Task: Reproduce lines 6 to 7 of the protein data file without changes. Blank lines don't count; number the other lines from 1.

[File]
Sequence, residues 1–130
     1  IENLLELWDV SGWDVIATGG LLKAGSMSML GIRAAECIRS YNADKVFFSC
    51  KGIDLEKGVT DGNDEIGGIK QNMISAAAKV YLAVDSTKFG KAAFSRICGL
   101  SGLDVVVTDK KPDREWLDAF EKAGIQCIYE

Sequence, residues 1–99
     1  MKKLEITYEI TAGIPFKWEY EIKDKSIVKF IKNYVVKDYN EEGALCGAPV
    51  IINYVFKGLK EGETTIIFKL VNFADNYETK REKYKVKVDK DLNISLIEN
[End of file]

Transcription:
     1  MKKLEITYEI TAGIPFKWEY EIKDKSIVKF IKNYVVKDYN EEGALCGAPV
    51  IINYVFKGLK EGETTIIFKL VNFADNYETK REKYKVKVDK DLNISLIEN